In the month of February of this year, those series of words, that incantation, was spoken to me by someone I was completely vulnerable to. That I had no guard against, and no hope to repel. It was cast onto to me, in spurn, by someone I love – loved – very much. And like that, without anyone’s knowing, the ship split along the starboard side and capsized in the malevolent storm and once again I was cast into the sea, this time with cement-block sandals – sinking steadfast under the first wave.
Andrew W.K. is first and formerly a musician, but recently he’s been an author of a column on The Village Voice’s editorial section. Recently he was asked if he ever gets depressed. His response left my mouth agape and tears streaming down my face.
“The times when my depression was really bad are difficult to put into words. People who haven’t been depressed asked me if it was like being in a really bad mood, or feeling really, really sad. It’s not like that at all. It’s not a mood or an emotion. Depression is like being exposed to a truth about reality that is so full of sorrow and misery that it shuts down the very part of you that exists as a human being. It’s like being told that everything good about life was a lie and that the biggest lie of all is you. But you’re not just thinking about these awful truths, you are the awful truth — and you become that feeling.
People have also asked me, “Why can’t you just snap out of it?” Trying to “snap out” of depression is like trying to eat food when you’re nauseated. It’s like trying to stay awake when you’ve taken a dozen sleeping pills. It’s like trying to run a race where you’re underwater and everyone else is on dry land. It takes an extraordinary amount of strength just to exist in the midst of a depression. Just breathing with your lungs takes a full-blown conscious effort. You feel like you don’t want to do anything ever again. You feel like you don’t want to be. And then you feel bad for feeling that. And so on.”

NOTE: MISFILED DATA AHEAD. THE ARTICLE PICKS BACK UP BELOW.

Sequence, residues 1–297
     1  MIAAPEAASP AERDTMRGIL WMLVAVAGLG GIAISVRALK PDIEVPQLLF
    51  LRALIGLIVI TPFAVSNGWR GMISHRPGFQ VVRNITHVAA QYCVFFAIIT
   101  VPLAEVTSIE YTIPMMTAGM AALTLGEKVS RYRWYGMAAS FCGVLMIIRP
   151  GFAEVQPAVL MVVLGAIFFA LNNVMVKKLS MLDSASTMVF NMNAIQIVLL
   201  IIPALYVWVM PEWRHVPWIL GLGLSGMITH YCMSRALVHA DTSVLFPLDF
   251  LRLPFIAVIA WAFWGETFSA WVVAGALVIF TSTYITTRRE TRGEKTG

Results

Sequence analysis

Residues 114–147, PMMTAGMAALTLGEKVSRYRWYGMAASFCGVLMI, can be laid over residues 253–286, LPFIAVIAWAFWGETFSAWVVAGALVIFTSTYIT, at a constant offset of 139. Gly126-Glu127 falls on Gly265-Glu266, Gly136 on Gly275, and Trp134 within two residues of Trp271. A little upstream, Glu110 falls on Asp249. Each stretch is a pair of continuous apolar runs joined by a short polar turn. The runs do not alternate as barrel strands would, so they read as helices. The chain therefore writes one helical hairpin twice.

“Depression distorts and stains every aspect of yourself and the world around you and rips away at everything that is happy and beautiful, as though the façade of joy has been removed from everything you once held dear. It’s like having a fever in your soul. It’s like what the end of the world tastes like.”
It’s like what the end of the world tastes like, and rightfully so, because nobody kills themselves, or attempts to, for the sheer prospect of death. The truth is much worse than that, it’s that the prospect of death in it’s infinite void somehow seems less painful than a living life. That the one offering death offers, nothingness, is more appealing than any opportunity or hope the future may have for us. If that’s not what the end of the world tastes like, then I don’t think I want to know because I can’t conceive what could be worse than that malignant logic.
When I went under the tide a great number of things happened in quick succession. I stopped sleeping almost entirely for a month, I couldn’t function at work, I stopped eating. I dramatically lost weight, and I was always cold. Finally there were lights in the water, dancing around me, telling me to breathe them in. Telling me to let go of the surface and to stay with them. It was then I had the courage to get help, real help. It was there at the very end of happiness that I saw a single strand of hope thinner than the thinnest hair, glimmering like a sunrise just about to break over the horizon.
With help I was able to trace this strand through the current and the darkness. I was able to see that this was more than just lost love and condemnation. I was able to see that I’ve been fighting this I regarded as a truth for over ten years. That at my very center is this tumor, if you will, that I hadn’t truly treated, just addressed and forgotten about. I covered it up with staying active and busy, but the past year and a half that tumor had started to grow dramatically. The activities I did for pleasure – swimming, biking, and running – turned into self-medication, and I had to do more and more to keep the tumor at bay. I ended up taking things to such an extreme level that I had become hostile and aggressive, hurtful, spiteful, cruel, and worse of all, apathetic toward the one I loved. All because this lie inside me had been stroked by one misdeed and because I refused to address it, it demanded attention until it was the only thing left standing – and I was on my knees.
These past few months I’ve had to learn how to breathe again. Again, whether divine blessing or happy coincidence, my broken arm was not healing and I was told that I had to cut all activity out that could so much as swing my arm. This forced me to deal with this depression, this tumor. It forced me to hold it and look at it every day. I had to wake up with it, and goto bed with it, and take it on hikes.